German elections turn nasty before Sunday poll
13 September 2005, BERLIN - The German election campaign turned increasingly dirty Tuesday, the opposing candidates accusing each other of deception, even though opinion polls continue to show a coalition of their respective parties is a likely outcome of Sunday's election.
13 September 2005
BERLIN - The German election campaign turned increasingly dirty Tuesday, the opposing candidates accusing each other of deception, even though opinion polls continue to show a coalition of their respective parties is a likely outcome of Sunday's election.
German Chancellor Gerhard Schroeder and his challenger Angela Merkel traded angry allegations of misinformation over their respective financial policies in a televised debate Monday evening.
Merkel's conservative alliance of the Christian Democrats (CDU) and their Bavarian sister party the Christian Social Union (CSU) allege that Schroeder's government is holding back a list of cuts in social services until after the elections.
Schroeder denied the existence of a list, allegedly drawn up by Finance Minister Hans Eichel, that was leaked over the weekend. It referred to cuts of 30 billion euros.
Schroeder said ministry officials backing the opposition were probably the authors of the list. Finance Ministry spokesman Stefan Giffeler said there had been a clear breach of ministry rules and that a thorough investigation was underway.
Merkel's choice of finance minister, Paul Kirchhof, continues to draw fire from Schroeder's Social Democrats (SPD) and their Greens coalition partners, who allege he plans to introduce a flat rate income tax of 25 per cent.
"That professor from Heidelberg has no understanding of the people... and if he is on the CDU team they should be rejected by the voters," Schroeder said.
Merkel stood by Kirchhof. "If the voters agree, then Paul Kirchhof will be finance minister," she said, accusing Schroeder of insulting the academic.
There were no plans to introduce a flat tax, Merkel said, adding that CDU/CSU tax policy was clearly laid out in the party manifesto.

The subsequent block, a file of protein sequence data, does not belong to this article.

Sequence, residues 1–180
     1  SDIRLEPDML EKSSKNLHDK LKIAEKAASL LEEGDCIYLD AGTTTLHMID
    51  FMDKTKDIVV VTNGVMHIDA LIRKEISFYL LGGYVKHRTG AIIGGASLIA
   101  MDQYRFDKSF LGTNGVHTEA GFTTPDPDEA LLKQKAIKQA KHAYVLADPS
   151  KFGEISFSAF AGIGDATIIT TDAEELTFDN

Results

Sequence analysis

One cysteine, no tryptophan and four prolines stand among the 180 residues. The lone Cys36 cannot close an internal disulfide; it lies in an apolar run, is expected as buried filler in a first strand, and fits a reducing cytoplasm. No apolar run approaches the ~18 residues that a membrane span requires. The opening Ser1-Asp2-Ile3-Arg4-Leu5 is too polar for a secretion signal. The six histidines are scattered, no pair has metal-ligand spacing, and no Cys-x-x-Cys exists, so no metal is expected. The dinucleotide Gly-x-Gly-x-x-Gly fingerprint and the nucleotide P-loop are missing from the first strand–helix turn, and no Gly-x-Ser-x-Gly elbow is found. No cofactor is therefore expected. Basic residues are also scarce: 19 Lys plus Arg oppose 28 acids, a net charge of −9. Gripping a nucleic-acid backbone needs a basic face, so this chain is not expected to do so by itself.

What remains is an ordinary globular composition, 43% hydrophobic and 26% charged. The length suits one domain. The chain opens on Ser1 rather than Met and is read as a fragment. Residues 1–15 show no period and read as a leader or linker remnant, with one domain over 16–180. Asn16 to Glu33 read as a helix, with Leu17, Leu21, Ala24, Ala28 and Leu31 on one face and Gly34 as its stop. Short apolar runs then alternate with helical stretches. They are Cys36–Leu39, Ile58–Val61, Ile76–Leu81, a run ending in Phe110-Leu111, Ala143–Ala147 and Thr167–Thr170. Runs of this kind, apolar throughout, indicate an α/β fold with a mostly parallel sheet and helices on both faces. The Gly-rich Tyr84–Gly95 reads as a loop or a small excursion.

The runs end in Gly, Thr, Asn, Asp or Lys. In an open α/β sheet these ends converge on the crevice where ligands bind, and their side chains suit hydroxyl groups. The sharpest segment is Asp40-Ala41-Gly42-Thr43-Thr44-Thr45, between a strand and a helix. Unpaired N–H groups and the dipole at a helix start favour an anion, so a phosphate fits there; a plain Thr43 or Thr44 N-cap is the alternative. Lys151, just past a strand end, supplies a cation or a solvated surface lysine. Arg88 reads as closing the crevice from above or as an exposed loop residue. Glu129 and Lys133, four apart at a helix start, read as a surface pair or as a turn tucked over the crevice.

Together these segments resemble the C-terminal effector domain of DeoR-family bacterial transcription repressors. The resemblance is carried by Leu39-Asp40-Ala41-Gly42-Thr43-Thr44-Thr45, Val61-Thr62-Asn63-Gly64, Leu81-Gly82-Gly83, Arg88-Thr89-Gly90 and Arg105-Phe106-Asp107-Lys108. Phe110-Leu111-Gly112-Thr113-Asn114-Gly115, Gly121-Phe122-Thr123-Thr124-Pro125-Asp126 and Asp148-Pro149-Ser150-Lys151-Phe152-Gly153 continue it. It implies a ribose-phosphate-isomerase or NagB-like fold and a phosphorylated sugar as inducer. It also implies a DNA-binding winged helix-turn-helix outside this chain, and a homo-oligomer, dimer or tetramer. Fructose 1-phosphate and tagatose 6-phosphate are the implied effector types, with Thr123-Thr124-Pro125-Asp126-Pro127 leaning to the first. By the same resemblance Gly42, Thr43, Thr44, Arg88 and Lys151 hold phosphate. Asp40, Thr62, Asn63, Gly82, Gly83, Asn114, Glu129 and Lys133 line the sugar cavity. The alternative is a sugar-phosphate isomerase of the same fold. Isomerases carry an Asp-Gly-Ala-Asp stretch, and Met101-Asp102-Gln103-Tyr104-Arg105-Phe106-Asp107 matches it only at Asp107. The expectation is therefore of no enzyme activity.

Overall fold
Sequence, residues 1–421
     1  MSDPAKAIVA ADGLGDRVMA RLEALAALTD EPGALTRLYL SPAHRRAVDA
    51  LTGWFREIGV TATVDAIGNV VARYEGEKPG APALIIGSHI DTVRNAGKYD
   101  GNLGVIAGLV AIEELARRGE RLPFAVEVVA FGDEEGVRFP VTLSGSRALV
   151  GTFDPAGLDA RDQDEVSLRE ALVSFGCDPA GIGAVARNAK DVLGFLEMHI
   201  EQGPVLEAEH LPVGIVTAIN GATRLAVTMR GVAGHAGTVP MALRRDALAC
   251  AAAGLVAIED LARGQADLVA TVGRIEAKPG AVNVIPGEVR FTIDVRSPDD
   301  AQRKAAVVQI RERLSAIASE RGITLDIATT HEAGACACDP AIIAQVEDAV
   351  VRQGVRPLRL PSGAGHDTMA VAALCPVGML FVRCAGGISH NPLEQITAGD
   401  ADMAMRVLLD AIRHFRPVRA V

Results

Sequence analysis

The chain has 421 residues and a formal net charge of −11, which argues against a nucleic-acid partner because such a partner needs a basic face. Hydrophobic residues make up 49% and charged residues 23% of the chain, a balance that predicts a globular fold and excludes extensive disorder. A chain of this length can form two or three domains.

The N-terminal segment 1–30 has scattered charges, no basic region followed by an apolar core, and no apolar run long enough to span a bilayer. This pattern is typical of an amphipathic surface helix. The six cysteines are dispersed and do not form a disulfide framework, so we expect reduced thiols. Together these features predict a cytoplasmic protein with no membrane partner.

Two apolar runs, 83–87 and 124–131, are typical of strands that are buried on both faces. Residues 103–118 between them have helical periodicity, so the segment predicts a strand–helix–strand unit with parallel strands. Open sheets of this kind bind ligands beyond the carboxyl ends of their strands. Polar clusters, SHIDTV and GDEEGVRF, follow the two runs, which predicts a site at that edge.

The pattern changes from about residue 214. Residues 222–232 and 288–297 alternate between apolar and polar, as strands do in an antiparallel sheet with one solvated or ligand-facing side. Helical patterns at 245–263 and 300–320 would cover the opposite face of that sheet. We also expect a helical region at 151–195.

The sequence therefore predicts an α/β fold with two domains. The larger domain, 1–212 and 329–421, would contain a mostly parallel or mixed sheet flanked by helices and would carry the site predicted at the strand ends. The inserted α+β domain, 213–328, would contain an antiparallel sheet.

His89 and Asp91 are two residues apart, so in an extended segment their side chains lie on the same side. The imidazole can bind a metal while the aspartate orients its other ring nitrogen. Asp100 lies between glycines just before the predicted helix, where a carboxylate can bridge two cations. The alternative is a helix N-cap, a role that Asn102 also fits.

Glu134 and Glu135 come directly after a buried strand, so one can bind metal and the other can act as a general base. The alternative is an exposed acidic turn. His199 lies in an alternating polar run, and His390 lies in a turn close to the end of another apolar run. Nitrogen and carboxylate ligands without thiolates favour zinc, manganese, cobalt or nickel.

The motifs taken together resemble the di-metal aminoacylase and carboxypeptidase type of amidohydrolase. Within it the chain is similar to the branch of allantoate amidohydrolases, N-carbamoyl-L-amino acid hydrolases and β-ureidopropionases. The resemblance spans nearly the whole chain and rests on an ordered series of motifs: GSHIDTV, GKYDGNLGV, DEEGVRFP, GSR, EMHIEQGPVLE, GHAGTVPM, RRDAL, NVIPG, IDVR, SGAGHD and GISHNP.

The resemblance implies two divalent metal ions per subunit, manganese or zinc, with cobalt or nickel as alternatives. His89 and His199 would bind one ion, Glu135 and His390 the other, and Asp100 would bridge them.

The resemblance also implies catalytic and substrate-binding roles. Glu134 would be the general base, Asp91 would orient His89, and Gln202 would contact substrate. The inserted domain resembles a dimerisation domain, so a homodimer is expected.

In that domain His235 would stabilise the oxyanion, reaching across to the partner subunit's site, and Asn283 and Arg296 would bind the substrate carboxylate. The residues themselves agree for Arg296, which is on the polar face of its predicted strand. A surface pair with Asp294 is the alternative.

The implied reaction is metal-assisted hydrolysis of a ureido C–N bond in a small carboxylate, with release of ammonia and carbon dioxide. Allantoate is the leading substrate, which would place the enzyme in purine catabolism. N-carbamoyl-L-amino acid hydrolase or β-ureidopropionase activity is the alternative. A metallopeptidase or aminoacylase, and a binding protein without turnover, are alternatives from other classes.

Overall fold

Nevertheless, there was evident concern in party ranks over the controversy, with calls for a prominent role for Friedrich Merz, a charismatic figure within the CDU.
The tax and finance expert has clashed with Merkel and resigned his post as chairman of the CDU/CSU parliamentary group in September 2002.
Sluggish growth, unemployment running at close to 5 million and Germany's generous social benefits are at the centre of the election campaign.
Schroeder alleges Merkel will dismantle the welfare state, while Merkel insists that economic reforms are needed to kickstart the economy.
Both leaders once again rejected forming a grand coalition, an outcome that has been widely discussed in Germany.
Merkel aims to form a coalition with the liberal FDP, while Schroeder is striving to retain power for his SPD/Greens coalition.
The dark horse in the race remains the new Left Party, which combines former communists from the East with the followers of maverick Oscar Lafointaine, who has broken away from the SPD.
German polls show Merkel's alliance leading Schroeder's, but just lacking the support needed to govern on its own.
Although the polls indicate a leftwing combination of SPD, Greens and the Left might hold a narrow majority, Schroeder has rejected forming an alliance with the Left.
Subject: German news